A 'super' economic boost for the big game, courtesy of Taylor Swift

A 'super' economic boost for the big game, courtesy of Taylor Swift

February 5, 20242 min read

Could NFL executives have imagined a better scenario for this year’s Super Bowl? Only in their wildest dreams, according to UD sports marketing experts who study the big game every year.

The league has a built-in audience draw and revenue generator named Taylor Swift, who will be in attendance Sunday to root on boyfriend Travis Kelce and his Kansas City Chiefs. The world’s biggest pop star can easily fill any blank space – and then some – caused by a lack of bad blood between the Chiefs and San Francisco 49ers or advertisements that don’t exude enough style.

And the NFL didn’t have to spend a dime or lift a finger to make it happen. Timothy DeSchriver and John Allgood, who teach and study sports marketing at the University of Delaware’s Alfred Lerner College of Business and Economics, see a number of ways that Swift can move the needle economically for a league that seemingly needs no extra publicity.

  • The female audience is already growing for the NFL, but Allgood said that Swift delivers “a fresher audience” as witnessed by record viewership for the Chiefs-Ravens AFC Championship Game. “There are people tuning in just to see her in a suite for five seconds,” Allgood said.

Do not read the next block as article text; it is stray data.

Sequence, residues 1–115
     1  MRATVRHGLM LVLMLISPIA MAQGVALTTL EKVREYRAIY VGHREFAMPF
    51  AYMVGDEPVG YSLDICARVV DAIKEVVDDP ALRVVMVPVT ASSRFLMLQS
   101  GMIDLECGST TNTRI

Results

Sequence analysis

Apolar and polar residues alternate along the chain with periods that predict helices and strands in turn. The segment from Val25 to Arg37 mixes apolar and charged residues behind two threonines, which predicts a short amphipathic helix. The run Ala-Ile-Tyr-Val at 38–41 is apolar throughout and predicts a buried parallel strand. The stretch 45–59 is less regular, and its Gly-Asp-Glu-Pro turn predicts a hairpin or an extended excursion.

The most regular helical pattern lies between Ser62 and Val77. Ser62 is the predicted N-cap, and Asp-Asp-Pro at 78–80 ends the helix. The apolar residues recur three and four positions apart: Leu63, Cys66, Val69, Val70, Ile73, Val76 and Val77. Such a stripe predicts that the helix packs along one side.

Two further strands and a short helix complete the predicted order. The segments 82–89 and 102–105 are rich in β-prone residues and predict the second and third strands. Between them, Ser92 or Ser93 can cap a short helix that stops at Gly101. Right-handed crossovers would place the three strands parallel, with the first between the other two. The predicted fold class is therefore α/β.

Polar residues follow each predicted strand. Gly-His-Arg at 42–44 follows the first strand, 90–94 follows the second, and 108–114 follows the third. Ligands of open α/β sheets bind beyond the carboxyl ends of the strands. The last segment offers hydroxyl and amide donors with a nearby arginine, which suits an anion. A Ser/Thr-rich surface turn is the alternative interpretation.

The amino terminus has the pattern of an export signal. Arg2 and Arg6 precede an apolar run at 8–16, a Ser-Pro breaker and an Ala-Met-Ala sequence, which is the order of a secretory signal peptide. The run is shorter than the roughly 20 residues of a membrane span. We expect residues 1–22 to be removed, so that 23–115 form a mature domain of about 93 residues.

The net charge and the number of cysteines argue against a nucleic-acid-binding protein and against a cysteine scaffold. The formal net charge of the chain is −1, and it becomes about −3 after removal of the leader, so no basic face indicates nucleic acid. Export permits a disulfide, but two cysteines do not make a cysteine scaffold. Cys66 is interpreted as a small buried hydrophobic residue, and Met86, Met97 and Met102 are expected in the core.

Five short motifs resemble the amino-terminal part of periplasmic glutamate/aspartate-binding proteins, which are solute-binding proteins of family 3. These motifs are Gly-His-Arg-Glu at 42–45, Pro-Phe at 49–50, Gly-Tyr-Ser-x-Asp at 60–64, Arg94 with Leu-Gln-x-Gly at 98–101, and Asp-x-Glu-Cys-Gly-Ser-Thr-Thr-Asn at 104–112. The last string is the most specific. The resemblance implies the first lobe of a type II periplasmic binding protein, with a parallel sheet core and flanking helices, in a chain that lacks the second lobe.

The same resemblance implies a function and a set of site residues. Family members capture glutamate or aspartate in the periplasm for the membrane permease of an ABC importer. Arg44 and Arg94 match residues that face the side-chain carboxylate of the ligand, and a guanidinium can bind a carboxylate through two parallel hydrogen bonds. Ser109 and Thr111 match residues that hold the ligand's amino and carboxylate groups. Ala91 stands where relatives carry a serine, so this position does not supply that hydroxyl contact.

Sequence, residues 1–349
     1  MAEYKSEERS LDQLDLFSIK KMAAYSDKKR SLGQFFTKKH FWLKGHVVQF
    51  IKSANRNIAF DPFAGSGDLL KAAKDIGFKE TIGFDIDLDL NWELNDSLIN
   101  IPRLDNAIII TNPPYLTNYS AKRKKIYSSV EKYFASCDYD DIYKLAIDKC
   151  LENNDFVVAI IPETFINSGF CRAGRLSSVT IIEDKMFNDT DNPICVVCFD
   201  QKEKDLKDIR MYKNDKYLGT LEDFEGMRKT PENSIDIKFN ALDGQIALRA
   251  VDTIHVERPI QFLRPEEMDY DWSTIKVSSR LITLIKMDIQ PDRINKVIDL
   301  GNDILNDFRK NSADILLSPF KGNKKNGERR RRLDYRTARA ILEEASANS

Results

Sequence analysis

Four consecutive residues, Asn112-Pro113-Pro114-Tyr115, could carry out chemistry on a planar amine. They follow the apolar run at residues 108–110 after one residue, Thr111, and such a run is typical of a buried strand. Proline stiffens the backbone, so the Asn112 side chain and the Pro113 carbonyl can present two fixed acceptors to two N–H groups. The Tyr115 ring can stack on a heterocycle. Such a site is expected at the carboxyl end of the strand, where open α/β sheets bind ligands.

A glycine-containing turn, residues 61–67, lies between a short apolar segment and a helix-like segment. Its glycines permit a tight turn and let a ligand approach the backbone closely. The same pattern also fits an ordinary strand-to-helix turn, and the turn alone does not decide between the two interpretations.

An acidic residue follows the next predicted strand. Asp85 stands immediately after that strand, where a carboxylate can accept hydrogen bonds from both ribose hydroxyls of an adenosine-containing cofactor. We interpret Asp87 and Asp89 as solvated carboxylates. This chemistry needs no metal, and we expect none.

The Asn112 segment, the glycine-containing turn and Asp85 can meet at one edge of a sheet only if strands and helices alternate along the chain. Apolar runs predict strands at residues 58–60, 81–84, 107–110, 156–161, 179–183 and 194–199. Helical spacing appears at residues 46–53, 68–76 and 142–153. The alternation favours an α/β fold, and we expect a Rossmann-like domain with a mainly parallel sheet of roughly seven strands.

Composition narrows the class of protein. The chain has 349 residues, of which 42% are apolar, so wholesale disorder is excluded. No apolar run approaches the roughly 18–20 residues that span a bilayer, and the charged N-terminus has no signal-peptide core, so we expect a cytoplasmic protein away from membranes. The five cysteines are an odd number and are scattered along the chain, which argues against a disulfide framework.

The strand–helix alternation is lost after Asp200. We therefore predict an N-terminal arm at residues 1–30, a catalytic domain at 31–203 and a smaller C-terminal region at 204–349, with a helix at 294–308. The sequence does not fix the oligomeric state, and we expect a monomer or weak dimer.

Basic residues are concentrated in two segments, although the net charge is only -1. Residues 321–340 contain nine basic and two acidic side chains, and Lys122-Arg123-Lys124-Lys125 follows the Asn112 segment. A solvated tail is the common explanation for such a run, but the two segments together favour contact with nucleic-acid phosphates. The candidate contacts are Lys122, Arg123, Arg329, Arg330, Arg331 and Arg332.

• Gamblers wagering on Taylor Swift “prop bets” will keep tuning in even if it’s a blowout, DeSchriver noted.
  • DeSchriver pointed to new advertiser interest from makers of beauty products, potentially to reach the new audience.
  • The NFL will get its cut from products as well, Allgood said, thanks to an NFL licensing deal with a clothing designer after Swift wore one of her puffer coats and the continued rise in sales of Kelce jerseys.

DeSchriver and Allgood, who can also discuss ticket pricing in the playoffs, and are available for interviews. To set one up, visit DeSchriver's profile and click on the "contact" button.

Connect with:
  • Tim DeSchriver
    Tim DeSchriver Associate Professor of Sport Management; Area Head - Sport Management

    Prof. DeSchriver’s research is in sport finance, economics and marketing; specifically professional sport and collegiate athletics.

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